Last Updated on Thursday, June 13, 2013 Sunday, January 27, 2013
January 27, 2013, Melbourne, FL - The Preeclampsia Foundation today issued a statement responding to an unexpected plot twist in Downton Abbey, a popular television show, that aired earlier tonight, to clarify historical facts and to inform viewers that the maternal death portrayed in the historical drama is still a tragic and needless complication of pregnancy.
The British television drama has a robust and loyal American following on PBS. Last night, 8 million viewers were shocked when one of the show’s beloved characters, Lady Sybil Crawley, died from eclampsia after giving birth. Although this fictional TV series represents life in the early 1900’s, women in the United States and elsewhere still die or suffer terrible outcomes from the hypertensive disorders of pregnancy (e.g., preeclampsia, eclampsia, HELLP syndrome), leaving many viewers grieving also because of their own all-too-similar tragedies.
Every year in the U.S., 5 to 8 percent (up to 300,000) pregnant or postpartum women develop a hypertensive disorder of pregnancy with approximately 75,000 of them suffering severe adverse outcomes such as organ failure, massive blood loss, permanent disability, or death; and premature birth or the death of their babies. Preeclampsia is characterized by a large rise in blood pressure and failing kidneys. Eclampsia is the name for seizures during pregnancy.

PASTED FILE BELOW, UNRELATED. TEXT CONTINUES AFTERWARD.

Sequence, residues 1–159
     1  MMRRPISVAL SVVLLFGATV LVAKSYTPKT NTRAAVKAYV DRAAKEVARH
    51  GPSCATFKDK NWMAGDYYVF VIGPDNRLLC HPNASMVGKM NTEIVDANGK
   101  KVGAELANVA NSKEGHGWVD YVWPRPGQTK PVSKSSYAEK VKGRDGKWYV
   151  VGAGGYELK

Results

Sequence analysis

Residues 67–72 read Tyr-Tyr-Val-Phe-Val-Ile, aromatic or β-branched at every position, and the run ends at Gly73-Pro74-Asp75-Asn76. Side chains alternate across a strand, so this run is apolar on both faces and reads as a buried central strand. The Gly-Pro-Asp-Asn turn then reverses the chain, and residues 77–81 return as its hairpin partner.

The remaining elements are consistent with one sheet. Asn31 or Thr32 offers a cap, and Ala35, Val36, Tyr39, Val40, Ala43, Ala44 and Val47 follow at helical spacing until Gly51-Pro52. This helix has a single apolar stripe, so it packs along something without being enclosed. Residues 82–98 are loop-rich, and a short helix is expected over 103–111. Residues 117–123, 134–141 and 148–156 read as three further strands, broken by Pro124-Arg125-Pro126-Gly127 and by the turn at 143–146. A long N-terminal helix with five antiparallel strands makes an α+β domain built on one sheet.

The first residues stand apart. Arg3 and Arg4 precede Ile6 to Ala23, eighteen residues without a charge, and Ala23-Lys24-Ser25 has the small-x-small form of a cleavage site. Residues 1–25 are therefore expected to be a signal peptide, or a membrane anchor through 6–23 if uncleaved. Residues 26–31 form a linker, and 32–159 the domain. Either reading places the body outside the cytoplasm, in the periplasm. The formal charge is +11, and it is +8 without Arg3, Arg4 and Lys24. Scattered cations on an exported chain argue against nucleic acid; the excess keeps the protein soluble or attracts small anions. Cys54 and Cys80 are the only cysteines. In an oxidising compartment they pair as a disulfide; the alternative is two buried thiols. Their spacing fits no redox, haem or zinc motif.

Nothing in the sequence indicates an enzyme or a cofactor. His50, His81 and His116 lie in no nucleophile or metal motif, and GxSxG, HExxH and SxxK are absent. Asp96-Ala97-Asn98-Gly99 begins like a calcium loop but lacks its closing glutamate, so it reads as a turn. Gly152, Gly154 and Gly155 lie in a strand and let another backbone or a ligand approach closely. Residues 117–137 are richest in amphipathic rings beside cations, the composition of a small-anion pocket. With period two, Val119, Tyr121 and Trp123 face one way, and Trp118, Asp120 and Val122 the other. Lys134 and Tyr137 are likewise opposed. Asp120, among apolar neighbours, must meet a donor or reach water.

“There were many scenes that resonated for preeclampsia survivors,” said Eleni Tsigas, Executive Director of the Preeclampsia Foundation. “The symptoms she experienced, the interactions with the physicians, the false confidence after the healthy delivery, the heartbreaking scene where the widower is left holding his newborn daughter, and the resulting guilt and blame all ring very true to preeclampsia survivors. However,” she adds, “the apparent inability of the physicians to intervene during her seizure was not an accurate portrayal.”
Magnesium sulfate was introduced in 1906 to treat eclamptic seizures, and although it was not universally used until the 1990’s, other anticonvulsants and manual interventions would have been used in the early 1900’s. This and other historical facts are available today on the Preeclampsia Foundation’s website.
Today, pregnant women are routinely monitored during prenatal care visits for signs of preeclampsia, but that wasn’t always the case. In Downton Abbey, a London physician dismisses the concerns of Lady Sybil and her family. “Sadly, some medical providers still dismiss women’s concerns,” says Tsigas. “Women need to be aware of the symptoms, to keep their prenatal appointments, and report between visits if they don’t feel well. Sometimes they have to be persistent in getting medical attention. At our website, women will find many resources to become informed and find support. It’s our mission to save lives.”
The Preeclampsia Foundation is a U.S.-based 501(c)(3) not-for-profit organization established in 2000. It is dedicated to providing patient support and education, raising public awareness, catalyzing research and improving health care practices, envisioning a world where preeclampsia and related hypertensive disorders of pregnancy no longer threaten the lives of mothers and babies. For more information, visit www.preeclampsia.org.